Daily Wire Tip Aug. 7: What is Vermeil?

By on August 6, 2010
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Daily Wire Jewelry Making Tip
August 7, 2010


Could you tell me about vermeil? I have a bracelet that is marked 925 FAS and is gold in color. I was told it was vermeil–gold over silver.

-Penni in Lubbock, Texas


Vermeil (ver-may) is a French word that came into use in the English language in the 19th century for the much earlier term silver gilt. Vermeil is a combination of sterling silver, gold, and other precious metals. It is commonly used as a component in jewelry. A typical example is sterling silver coated with 18 karat gold. To be considered vermeil, the gold must also be at least 10 karat (42%) and be at least 1.5 micrometers thick. Sterling silver covered with any another metal cannot be called vermeil. Vermeil can be produced by either fire gilding or electrolysis.

The original fire-gilding vermeil process was developed in France in the mid-1700s. However, due to the high levels of mercury that the artisans were exposed to, resulting in blindness, France later banned the technique. Today, vermeil is safely produced through electrolysis.

I do have to caution those who would use and sell their handmade jewelry using vermeil components, though, as the gold coating is extremely thin and with regular wear, comes off very easily.

Answer contributed by Dale “Cougar” Armstrong

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  1. avatar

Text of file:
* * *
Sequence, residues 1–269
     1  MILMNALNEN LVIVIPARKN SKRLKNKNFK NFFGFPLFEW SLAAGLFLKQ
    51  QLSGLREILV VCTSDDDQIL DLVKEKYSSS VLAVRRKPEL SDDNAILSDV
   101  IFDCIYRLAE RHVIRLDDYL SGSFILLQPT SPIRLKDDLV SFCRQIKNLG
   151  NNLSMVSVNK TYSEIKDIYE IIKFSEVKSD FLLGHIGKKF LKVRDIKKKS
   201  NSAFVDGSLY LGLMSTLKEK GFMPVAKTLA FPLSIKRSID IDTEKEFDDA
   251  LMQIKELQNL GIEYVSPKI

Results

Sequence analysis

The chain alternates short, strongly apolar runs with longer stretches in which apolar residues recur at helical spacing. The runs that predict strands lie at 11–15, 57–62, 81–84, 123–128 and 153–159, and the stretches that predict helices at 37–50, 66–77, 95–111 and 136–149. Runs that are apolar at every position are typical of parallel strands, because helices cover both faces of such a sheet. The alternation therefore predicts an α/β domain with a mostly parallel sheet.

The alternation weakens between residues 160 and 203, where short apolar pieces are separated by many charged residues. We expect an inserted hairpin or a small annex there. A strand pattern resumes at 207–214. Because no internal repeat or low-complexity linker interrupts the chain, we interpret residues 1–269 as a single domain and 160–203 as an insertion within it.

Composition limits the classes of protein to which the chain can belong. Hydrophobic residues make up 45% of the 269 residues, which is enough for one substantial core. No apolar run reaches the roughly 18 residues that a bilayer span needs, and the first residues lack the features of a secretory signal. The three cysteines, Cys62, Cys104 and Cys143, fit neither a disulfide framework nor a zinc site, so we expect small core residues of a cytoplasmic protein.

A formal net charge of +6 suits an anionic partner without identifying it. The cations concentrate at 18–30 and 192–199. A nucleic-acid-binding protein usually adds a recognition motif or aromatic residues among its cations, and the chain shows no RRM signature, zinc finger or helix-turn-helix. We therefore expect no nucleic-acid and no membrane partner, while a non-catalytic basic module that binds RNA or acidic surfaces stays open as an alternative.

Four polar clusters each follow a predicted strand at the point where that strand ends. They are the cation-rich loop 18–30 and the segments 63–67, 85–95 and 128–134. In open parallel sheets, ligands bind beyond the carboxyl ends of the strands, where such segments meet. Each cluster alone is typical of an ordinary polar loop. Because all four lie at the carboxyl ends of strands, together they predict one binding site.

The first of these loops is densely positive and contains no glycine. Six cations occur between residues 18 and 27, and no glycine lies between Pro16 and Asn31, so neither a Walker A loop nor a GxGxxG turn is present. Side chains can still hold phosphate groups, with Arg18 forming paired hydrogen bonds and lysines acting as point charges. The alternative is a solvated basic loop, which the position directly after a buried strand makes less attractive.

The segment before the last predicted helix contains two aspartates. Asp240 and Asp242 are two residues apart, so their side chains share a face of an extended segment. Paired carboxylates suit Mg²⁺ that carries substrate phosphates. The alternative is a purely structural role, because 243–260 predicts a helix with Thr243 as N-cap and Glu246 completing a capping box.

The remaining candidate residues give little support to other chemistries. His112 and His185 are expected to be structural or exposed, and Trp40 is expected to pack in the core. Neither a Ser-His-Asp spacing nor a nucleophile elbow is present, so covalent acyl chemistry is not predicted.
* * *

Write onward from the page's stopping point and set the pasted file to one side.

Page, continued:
Frankie Harvener

    August 7, 2010 at 2:33 pm

    I thought vermeil was as stable and as good as gold filled wire. Is that not the case? In your answer you caution against using vermeil and I have not purchased vermeil wire, and now that you have informed me, I will just buy gold-filled when I need to have gold color.

    Thanks for this information. I am learning so much from your tip of the day.


  2. avatar

    Sherrie Lingerfelt

    August 7, 2010 at 10:14 pm

    Over the years I have seen many beautiful components made with Vermeil and have been tempted to try it. The only thing that kept me from buying and using it is the fact it could flake or wear off, thus ruining a hand-made piece that would be difficult if not impossible to repair. I would not want one of my customers to be disappointed in a piece of my work.

  3. avatar


    August 8, 2010 at 12:52 am

    I have been using vermeil findings in earrings for over 10 years and sell several hundred of pairs each year. I have also begun selling vermeil neck chains for the past 2 to 3 years. I have never had a single complaint about any of these items. I have only noticed that occasionally the gold coating on a few vermeil headpins (maybe five out of HUNDREDS) have begun to peel off as I was working with them. Otherwise, no problems whatsoever!


  4. avatar


    August 9, 2010 at 9:01 am

    Vermeil pieces, like any other supply item,need to be purchased from a supplier whose quality you trust and value. I have had run ins on both sides of the coin, so you do have to shop wisely when using vermeil. I love the look of vermeil with pearls and crystals. If you have a good supplier, who backs their product, then you will not run into problems.

  5. avatar


    August 24, 2010 at 6:40 pm

    I have a vermeil pin that I bought about 40 years ago. It is a beautiful “lace” bow that I haven’t worn in more than 30 years because it has darkened considerably. I assume it is the silver tarnish showing thru. Is that correct and is there any way to get it back to its original appearance. I never bought vermeil again and don’t want to use it for that reason.